Posted by: Lisa Pampuch | July 25, 2003

Land-use head scratchers

A few recent South Valley land-use proposals have me scratching my head.

First there was the news that a downtown Gilroy store would become a medical clinic. The Garlic Festival Store, located in a prime, middle-of-downtown spot, apparently might reopen elsewhere in Gilroy – if the owners can find a buyer for the business. But the building that houses the store at 7526 Monterey St. has been sold, although escrow hasn’t yet closed, and it appears a Gardner Family Health medical clinic will be its new occupant.

This situation points out the importance of an overall vision for downtown, and how much the lack of one hampers efforts to revitalize Gilroy’s city center. If that vision were in place – and codified by a specific plan and/or zoning ordinances, Gilroy might have a legal leg to stand on when it comes to preventing businesses that don’t fall within that vision from locating downtown.

But that vision doesn’t exist, so how can anyone tell Gardner that they don’t belong downtown?’

Instinctively, it makes sense that a medical clinic doesn’t work well next door to retail and dining establishments. But who has decided that’s the vision for downtown Gilroy? No one has bothered to sell a vision to the community or to pass laws to make it known and enforceable.

The loophole-ridden ban City Council passed to keep out other “undesirable” shops – tattoo parlors, junk yards, etc. – failed to foresee the medical clinic. It would be funny, if it wasn’t so sad.

Gilroy needs a vision of what it wants its downtown to be, not a vague notion of the kinds of businesses it would rather not have downtown. Then, and only then, can it begin to work toward a vibrant downtown.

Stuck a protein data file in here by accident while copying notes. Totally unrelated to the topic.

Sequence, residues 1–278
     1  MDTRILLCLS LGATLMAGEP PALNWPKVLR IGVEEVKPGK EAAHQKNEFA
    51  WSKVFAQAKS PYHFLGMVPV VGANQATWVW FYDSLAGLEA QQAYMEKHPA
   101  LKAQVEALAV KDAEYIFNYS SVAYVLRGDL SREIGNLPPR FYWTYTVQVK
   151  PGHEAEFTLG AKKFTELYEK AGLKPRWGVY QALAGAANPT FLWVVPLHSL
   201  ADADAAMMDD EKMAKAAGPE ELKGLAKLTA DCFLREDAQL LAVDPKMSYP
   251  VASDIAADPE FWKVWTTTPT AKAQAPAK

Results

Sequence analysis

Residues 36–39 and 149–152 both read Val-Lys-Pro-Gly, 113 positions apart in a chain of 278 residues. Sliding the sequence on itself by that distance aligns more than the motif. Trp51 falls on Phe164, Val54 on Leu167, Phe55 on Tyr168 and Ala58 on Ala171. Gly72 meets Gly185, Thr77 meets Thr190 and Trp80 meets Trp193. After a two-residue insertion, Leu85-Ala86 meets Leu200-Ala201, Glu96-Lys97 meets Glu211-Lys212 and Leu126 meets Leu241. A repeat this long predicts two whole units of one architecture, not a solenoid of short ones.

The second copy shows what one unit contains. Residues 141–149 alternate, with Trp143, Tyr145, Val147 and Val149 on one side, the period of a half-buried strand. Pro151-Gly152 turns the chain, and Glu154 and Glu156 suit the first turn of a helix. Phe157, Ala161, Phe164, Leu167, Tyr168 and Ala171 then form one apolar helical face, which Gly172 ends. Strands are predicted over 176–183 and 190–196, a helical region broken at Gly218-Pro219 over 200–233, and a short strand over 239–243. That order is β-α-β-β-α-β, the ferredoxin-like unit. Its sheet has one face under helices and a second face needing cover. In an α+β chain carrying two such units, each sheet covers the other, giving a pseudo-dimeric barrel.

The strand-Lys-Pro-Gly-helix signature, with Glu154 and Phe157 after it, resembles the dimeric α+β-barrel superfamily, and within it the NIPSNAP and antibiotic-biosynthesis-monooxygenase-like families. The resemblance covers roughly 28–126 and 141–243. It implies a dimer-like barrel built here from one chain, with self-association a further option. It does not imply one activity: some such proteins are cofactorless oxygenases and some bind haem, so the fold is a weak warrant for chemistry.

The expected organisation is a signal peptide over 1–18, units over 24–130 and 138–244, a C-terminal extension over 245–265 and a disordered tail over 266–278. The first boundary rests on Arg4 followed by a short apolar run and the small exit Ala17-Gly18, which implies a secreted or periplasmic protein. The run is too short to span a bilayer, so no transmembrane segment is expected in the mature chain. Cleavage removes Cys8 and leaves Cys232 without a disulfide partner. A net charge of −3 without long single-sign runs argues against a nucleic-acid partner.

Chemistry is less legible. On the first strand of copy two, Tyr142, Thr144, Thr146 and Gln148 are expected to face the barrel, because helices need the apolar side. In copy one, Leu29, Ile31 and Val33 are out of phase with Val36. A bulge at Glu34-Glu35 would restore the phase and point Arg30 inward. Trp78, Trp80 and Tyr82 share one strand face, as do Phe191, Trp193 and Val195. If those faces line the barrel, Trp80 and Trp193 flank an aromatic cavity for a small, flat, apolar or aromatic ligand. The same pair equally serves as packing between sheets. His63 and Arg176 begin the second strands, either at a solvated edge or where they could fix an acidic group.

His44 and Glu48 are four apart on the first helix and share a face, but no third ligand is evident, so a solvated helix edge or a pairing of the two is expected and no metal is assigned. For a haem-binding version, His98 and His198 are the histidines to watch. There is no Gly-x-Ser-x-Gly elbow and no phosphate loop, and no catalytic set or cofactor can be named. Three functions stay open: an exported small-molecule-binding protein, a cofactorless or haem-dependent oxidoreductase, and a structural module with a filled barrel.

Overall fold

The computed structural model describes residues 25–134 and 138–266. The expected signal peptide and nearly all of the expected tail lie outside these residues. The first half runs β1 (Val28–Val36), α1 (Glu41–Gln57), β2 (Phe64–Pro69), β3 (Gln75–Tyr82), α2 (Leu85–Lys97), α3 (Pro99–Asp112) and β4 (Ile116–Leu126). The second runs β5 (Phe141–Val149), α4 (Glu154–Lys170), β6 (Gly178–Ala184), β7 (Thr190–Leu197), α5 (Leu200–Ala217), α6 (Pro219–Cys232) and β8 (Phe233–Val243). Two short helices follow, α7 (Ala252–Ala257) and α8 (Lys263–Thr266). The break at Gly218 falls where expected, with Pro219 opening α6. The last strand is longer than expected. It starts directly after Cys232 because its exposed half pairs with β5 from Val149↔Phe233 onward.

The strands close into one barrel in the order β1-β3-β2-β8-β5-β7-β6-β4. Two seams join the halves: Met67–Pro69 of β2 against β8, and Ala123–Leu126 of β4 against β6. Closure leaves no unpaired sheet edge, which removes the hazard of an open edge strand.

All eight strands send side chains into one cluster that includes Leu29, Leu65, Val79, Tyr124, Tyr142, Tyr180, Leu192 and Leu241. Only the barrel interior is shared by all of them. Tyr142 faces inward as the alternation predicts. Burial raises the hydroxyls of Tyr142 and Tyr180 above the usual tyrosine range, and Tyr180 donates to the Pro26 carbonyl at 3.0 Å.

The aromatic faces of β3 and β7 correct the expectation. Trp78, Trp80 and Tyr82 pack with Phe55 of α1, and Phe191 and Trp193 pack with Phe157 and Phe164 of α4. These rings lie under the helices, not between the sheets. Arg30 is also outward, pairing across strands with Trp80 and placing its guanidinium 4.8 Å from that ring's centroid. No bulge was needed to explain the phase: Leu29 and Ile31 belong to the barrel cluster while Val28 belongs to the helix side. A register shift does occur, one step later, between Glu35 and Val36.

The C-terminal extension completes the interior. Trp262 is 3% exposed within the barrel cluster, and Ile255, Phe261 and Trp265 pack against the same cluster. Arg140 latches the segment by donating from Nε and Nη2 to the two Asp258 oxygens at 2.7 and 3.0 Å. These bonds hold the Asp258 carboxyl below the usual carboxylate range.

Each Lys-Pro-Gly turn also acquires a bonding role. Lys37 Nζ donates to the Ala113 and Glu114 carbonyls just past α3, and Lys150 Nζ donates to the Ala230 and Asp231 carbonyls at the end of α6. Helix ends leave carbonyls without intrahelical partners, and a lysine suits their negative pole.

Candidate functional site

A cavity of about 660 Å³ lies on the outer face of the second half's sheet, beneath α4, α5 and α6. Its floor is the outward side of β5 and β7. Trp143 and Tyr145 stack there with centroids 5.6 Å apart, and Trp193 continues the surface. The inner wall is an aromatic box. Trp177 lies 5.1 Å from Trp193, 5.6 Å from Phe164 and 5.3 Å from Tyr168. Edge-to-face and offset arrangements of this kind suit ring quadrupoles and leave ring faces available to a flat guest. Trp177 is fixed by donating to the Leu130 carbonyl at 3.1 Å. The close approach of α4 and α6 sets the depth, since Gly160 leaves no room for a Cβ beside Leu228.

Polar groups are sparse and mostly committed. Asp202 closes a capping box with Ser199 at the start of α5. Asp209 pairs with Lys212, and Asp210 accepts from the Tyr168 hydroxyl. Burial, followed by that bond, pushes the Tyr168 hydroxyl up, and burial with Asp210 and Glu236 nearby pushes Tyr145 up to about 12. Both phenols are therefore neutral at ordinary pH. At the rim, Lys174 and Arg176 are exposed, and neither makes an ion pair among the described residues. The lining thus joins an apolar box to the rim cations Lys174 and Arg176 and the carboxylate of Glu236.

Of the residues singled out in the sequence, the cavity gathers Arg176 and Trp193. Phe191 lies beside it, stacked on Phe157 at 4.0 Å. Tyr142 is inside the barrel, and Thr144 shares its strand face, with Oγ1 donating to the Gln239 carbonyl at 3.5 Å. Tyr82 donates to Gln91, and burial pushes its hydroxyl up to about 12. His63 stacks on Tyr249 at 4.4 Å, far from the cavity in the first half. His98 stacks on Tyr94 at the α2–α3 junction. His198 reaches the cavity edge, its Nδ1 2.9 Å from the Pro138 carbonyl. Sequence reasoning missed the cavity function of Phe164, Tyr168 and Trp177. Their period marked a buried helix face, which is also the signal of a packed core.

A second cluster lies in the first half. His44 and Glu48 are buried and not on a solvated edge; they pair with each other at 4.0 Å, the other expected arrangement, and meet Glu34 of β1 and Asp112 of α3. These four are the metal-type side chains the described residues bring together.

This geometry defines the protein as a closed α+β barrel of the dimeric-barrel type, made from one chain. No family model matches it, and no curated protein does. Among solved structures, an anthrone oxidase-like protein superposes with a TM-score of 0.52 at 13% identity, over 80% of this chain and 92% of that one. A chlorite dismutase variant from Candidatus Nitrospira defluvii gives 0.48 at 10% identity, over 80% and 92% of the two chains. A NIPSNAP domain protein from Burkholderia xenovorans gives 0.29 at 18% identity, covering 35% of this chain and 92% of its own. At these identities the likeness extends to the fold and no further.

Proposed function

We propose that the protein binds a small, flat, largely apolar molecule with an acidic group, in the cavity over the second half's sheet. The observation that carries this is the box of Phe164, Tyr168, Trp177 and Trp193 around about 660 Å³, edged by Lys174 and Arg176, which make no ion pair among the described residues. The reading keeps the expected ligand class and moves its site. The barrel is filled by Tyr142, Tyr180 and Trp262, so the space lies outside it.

Then came the stunning news that Home Depot was opening a store in the now-shuttered Morgan Hill K-Mart building at Dunne Avenue and U.S. 101. I had heard rumors that a different hardware-type store might locate there, but had not heard a blip about Home Depot.

Who’d suspect it, with another Home Depot located just a few exits down the freeway? If South County can’t support one Outback Steakhouse or similar restaurant, does it really have enough business to support two Home Depots (and a Lowe’s Home Improvement, and an Ace Hardware, and an OSH, etc.)? Somehow, I doubt it.

Home Depot spokespeople say they’re not planning to close the Gilroy store. But I really don’t see how two Home Depot stores can survive so close together in this less-than-densely populated region.

My prediction? The Gilroy Home Depot will close or be transformed into one of the other Home Depot family of retail establishments – like an EXPO Design Center.

But, what do I know? I’m still confused about why Target needs two stores in South Valley, and as construction progresses on the Gilroy store at U.S. 101 and Highway 152, I’m wondering what Dayton Hudson Corp., parent of Target, has up its corporate sleeve for the Morgan Hill store.

I’m also befuddled about Safeway’s plans to open a second Morgan Hill store. Plans were announced years ago, but so far the only evidence of the impending additional Morgan Hill Safeway is a sign at the corner of Tennant and Monterey Road.

I’ll be surprised if Morgan Hill can support two Safeway grocery stores. The region can’t attract a Trader Joe’s or a Whole Foods to locate here, but somehow Morgan Hill needs two Safeway stores? Despite spending a few years working in a department store in high school and college, I’m no retailing genius. I’m just relying on common sense when I wonder how many Morgan Hill and San Martin Safeway shoppers the company thinks are unserved by its existing store.

It sure would be nice to see a more land use decisions that make me say “Of course!” instead of “What are they thinking?” But given the controversy over development proposals that strike me as no-brainers – the county courthouse on Butterfield and Diana, the Day Road high school and parochial school site, the Ford dealership at Dunne and 101 – I guess that’s wild dreaming.

Especially when it comes to land-use and development proposals, the only sure thing is that the old proverb, “You can’t please all the people all the time,” will always apply.

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Responses

  1. […] please, powers that be, heed my usual plea: Don’t duplicate a retailer that’s already in South County. Please. Possibly […]


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